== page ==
According to archaeological evidence, Panchayat used to be held in Southern India during the 10th century. The region was divided into 30 wards and each ward used to have its own Panch (member of Panchayat). This Panch used to be elected through lottery method. The procedure was that names of the notables from each ward used to be pooled in a jar and then a kid was asked to take one chit out of the many. The name borne by the chit picked by the kid was nominated the Panch from the area.
When the British came to India, they liked the Panchayat system and termed it a viable basic democracy system. However, East India Company, which was basically aimed at collecting money for the company, it brought its own justice system and imposed the British bureaucratic system on the villages. The taxes were begun to be collected individually, instead of collectively. As a result, the development of individual gradually became the area of focus in India, replacing the idea of collective development.
In the 20th century, as the nationalism rose in India, the demand for Panchayat system also gained popularity. The British allowed it in 1919 and the system was adopted by Bombay, Punjab, Orissa and many other provinces. But after the partition, this system failed to provide a viable system of basic administration and thus was abolished. However, it was reintroduced in 1992 and is still functioning in many states of India. It is called Gram Panchayat.
In Pakistan though, the system has always remained a source of justice, and not administration. The state doesn’t recognise it as a justice system either and whatever legitimacy it has is due to the popularity among the locals and the failure of the state justice system to provide an alternative.
Functioning of Panchayat in Pakistani Punjab:
In Punjab they are much looser and less informal. If a case involves members of the same local biradiri, then the panchayat concerned will represent that clan involved; if members of different clans, then representatives of the whole village (or at least its dominant landholding elements) will be present. More rarely, representatives of different villages will meet to discuss disputes between them.
Disadvantages of Panchayat system:
Panchayat system’s biggest disadvantage is that it is not exactly a system. There is no written code or policy draft. Moreover, the state doesn’t back this system, making its decisions non-binding and thus the decisions can’t be enforced legally. It thrives mainly on the verbal orders and no decisions are binding.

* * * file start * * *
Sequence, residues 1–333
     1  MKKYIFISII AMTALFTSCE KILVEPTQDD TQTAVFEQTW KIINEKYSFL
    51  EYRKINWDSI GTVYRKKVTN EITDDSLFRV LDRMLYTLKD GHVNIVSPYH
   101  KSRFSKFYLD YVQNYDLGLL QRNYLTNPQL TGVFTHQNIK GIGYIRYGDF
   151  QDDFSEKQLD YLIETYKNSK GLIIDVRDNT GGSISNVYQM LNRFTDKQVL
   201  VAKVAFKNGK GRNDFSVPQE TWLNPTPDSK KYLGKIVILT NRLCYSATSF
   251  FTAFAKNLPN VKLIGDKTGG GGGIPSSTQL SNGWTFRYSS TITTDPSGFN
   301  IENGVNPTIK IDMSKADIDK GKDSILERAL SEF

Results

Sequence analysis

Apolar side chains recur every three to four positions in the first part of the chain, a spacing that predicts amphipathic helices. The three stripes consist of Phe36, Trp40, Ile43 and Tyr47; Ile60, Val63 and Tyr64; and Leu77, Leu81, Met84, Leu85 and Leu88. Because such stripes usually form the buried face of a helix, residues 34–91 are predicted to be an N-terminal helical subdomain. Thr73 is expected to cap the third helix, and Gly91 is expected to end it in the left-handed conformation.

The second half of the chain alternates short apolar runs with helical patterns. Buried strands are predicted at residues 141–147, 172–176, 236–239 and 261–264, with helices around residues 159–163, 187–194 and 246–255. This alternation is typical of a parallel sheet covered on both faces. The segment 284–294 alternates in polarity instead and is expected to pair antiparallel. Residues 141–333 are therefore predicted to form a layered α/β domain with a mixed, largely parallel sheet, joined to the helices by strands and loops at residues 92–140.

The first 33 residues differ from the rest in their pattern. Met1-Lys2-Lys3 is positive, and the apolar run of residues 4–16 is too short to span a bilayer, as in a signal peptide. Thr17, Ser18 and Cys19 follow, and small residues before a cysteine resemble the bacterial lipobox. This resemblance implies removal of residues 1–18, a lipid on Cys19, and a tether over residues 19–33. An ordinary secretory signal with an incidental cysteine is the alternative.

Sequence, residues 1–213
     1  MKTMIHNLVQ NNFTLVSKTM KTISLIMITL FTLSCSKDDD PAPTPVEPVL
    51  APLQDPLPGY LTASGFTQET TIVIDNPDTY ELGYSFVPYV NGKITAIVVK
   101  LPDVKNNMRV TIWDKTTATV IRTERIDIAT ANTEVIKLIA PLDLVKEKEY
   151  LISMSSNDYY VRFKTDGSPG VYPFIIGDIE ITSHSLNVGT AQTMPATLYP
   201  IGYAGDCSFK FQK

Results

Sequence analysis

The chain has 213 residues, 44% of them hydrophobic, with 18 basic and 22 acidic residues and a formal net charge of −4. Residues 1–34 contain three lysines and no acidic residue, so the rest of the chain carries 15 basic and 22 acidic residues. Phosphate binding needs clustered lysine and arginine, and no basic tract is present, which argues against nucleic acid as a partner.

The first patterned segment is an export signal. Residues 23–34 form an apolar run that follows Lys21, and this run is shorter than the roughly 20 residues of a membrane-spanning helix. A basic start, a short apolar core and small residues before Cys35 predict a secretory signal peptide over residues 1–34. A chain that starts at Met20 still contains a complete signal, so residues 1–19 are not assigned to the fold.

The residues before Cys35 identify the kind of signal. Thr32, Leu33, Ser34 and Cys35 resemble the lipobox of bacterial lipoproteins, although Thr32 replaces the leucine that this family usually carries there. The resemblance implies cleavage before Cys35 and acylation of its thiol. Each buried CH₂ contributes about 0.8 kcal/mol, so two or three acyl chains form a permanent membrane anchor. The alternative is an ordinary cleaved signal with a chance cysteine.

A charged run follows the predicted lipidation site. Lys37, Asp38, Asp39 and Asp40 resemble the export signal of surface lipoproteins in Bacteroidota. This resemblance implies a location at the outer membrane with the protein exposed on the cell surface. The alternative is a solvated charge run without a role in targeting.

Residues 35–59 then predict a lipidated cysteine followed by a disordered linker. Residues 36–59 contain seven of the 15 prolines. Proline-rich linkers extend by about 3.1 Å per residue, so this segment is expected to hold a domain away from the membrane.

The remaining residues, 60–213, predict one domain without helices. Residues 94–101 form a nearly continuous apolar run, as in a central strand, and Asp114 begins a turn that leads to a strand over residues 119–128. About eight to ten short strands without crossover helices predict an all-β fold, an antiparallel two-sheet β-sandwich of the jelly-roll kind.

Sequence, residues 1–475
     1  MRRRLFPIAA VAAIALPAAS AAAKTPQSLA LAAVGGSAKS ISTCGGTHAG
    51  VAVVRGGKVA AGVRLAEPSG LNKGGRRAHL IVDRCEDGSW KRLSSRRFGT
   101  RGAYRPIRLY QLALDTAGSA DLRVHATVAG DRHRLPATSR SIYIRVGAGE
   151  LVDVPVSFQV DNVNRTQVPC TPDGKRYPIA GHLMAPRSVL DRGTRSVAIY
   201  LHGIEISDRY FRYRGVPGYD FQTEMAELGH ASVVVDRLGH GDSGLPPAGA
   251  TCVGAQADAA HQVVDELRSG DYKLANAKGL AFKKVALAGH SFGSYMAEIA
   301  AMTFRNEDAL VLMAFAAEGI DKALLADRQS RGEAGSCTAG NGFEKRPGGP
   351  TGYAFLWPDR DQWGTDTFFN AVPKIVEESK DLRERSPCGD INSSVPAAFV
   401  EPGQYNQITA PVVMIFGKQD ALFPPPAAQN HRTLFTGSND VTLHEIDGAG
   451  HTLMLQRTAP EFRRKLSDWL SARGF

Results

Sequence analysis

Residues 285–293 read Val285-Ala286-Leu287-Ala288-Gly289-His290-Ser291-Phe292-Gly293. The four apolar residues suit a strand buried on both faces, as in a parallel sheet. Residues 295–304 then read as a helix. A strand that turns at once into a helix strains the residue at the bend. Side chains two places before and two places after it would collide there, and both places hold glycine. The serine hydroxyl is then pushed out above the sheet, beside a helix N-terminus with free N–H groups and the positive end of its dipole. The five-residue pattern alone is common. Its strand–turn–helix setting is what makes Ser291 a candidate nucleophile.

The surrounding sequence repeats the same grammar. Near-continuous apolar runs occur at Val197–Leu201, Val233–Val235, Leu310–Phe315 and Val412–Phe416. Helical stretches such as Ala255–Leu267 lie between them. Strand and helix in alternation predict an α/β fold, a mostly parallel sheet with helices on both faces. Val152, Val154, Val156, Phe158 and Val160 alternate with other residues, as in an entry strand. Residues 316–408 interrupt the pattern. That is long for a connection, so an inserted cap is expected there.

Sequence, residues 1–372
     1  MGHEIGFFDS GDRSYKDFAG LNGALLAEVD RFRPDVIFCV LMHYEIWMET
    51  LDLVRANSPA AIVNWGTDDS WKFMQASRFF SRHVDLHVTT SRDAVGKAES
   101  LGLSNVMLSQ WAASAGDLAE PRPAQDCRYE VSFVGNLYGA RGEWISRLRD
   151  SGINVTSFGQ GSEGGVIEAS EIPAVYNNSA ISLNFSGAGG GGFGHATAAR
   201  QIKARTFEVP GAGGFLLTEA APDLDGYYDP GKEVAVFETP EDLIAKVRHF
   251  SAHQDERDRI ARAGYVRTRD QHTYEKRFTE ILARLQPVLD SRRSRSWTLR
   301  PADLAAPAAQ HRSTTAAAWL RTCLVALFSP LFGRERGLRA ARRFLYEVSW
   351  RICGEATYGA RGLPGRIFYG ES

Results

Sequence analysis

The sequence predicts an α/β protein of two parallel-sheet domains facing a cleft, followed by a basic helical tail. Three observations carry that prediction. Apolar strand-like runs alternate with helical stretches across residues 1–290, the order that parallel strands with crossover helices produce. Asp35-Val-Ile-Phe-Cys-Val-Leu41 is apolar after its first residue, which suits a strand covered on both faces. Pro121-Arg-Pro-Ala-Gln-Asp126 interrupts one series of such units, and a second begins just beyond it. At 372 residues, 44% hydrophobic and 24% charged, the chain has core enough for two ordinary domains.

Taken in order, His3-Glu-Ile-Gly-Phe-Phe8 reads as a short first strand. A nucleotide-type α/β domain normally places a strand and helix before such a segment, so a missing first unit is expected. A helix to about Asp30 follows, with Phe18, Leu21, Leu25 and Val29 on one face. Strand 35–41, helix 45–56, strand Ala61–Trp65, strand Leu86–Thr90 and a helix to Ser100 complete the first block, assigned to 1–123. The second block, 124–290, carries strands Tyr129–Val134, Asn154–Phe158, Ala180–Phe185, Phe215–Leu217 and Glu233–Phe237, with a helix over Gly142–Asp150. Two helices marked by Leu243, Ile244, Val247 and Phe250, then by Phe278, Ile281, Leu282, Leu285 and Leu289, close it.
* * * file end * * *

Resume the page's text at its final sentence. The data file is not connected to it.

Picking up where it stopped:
Harsh punishments have been the biggest drawback of this system. Karo Kari, Vanni and such punishments are heavily criticised and have no backing whatsoever from the state judicial system. Stoning to death is also one of the punishments, the panchayat and Jirga are criticised for.
State Judicial System
Judicial system or court system is the system of courts that interprets and applies the law in the name of the state. The judiciary also provides a mechanism for the resolution of disputes. The rural areas are mainly concerned with the lower judiciary i.e. district and session courts.
Advantages of judicial system
The biggest advantage that the state judicial system enjoys is that it is backed by the state. Since it is backed by the state, the decisions made are enforced legally and the state apparatus including police, army and all the law-enforcing agencies can be utilised for enforcing it.
Disadvantages of judicial system
The biggest disadvantage of the judicial system is that the procedure is slow and takes years in serving justice. The time taken is by far the biggest reason it is discredited for by the residents of the rural areas of Pakistan.
The number of cases pending in courts as per a 2009 report is as follows:
Besides, the security of the judges is yet another threat to the entire judicial system. The state apparatus is insufficient in providing security to the judges and thus they are unable to dole out swift justice in case of strong and well-connected disputants.
Being a Muslim country, there has always been an urge at various levels for a justice system derived out of Sharia law and one that is guided by the core principles of Islam and which rejects or endorses decisions only in the light of the Quran and Sunnah.